Kristi Bernard's Reviews > Tiny Stitches: The Life of Medical Pioneer Vivien Thomas

Tiny Stitches by Gwendolyn Hooks
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's review
Sep 05, 2016

it was amazing
bookshelves: non-fiction, multicultural

Doctors work miracles all the time. Many of these doctors may go unnoticed, or it may take them years to make their miracle a reality. But one doctor, Vivien Thomas, wasn’t scared to make his mark in the world. He had invented a brand new operation using tiny delicate tools designed to work on troubled tiny delicate hearts.

When the depression hit and all money was lost but Vivien’s dreams didn’t die. Although he couldn’t go to medical school he was given an opportunity to work with Dr. Blalock. He learned so much as a researcher and was hands on. In 1941 he relocated to Baltimore and worked with Dr. Blalock at John’s Hopkins. Getting settled in and finding a home was troubling during these times of segregation. His new position as a Surgical Technician in Research provided him with the opportunity to research, study and help babies with heart defects.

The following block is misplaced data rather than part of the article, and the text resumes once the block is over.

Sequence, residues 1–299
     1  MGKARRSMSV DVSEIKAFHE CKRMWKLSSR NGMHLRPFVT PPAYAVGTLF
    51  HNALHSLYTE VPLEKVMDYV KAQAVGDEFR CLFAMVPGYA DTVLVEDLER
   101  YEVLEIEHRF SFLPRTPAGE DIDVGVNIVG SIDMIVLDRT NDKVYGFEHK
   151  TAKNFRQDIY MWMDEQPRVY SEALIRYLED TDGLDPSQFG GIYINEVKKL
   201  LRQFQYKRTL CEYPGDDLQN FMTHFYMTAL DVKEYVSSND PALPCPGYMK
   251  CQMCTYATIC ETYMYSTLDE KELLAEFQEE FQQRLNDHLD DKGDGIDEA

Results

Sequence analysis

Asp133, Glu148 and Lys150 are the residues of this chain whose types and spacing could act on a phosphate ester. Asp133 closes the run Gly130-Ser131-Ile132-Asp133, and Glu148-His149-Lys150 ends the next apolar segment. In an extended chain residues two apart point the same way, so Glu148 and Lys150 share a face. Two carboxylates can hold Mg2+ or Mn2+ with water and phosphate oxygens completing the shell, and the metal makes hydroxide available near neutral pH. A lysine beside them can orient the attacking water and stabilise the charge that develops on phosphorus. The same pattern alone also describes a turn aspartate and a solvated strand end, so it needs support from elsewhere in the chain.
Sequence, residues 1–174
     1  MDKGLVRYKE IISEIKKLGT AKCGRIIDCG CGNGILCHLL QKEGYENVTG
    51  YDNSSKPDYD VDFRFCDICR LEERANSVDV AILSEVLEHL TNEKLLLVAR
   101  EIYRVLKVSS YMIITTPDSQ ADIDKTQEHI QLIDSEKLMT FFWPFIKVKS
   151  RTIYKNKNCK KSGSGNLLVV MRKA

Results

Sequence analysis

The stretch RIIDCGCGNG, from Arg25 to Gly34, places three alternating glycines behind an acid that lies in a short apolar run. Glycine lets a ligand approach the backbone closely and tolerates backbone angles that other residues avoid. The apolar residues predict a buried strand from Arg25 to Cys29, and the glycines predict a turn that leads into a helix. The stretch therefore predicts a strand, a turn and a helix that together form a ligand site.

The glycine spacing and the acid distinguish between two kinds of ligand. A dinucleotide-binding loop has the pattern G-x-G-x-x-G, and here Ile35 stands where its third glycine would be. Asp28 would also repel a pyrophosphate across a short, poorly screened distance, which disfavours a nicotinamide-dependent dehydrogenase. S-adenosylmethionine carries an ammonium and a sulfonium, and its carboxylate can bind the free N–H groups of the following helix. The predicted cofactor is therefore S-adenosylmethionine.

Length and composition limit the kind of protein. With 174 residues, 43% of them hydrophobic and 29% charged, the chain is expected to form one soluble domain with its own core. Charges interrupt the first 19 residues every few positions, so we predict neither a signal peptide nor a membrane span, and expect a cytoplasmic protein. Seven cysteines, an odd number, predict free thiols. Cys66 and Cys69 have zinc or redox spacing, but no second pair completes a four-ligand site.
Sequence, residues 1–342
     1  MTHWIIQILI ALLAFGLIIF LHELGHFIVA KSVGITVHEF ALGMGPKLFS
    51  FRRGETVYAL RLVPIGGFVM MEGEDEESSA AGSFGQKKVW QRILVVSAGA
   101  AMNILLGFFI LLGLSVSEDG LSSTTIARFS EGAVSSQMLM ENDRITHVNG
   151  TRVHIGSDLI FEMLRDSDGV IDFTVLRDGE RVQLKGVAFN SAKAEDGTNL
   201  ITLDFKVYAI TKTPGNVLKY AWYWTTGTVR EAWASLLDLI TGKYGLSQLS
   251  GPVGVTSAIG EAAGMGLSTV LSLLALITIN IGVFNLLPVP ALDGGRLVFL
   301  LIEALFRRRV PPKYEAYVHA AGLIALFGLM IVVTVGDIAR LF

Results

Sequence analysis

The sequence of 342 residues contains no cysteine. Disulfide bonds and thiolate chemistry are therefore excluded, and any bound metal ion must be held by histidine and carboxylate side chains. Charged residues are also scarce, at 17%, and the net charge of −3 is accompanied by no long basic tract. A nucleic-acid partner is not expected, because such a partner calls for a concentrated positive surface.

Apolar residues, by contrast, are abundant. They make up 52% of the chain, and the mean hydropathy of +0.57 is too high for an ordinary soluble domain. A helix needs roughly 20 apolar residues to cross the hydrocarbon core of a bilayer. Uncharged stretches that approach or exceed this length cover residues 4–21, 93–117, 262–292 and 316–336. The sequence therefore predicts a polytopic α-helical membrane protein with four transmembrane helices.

This heartfelt story of first steps has cleared the way for so many other students of color to follow their dreams of becoming doctors. “The Johns Hopkins University School of Medicine established the Vivien Thomas Fund to increase diversity and help students continue their education.” Author Gwendolyn Hooks idea to bring this book into the hands of children will enlighten and inspire. Gentle hues of browns, yellow and blues soften the pains of racial issues Vivien Thomas encountered but also create a glow of pride and achievement in each picture. Young readers have an opportunity to learn about medical wonders and a real African American hero. Parents and teachers can use this story as a guide for discussion on African American history and how children can be whatever they set their mines to become.

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Reading Progress

Finished Reading
September 5, 2016 – Shelved
September 5, 2016 – Shelved as: non-fiction
September 5, 2016 – Shelved as: multicultural

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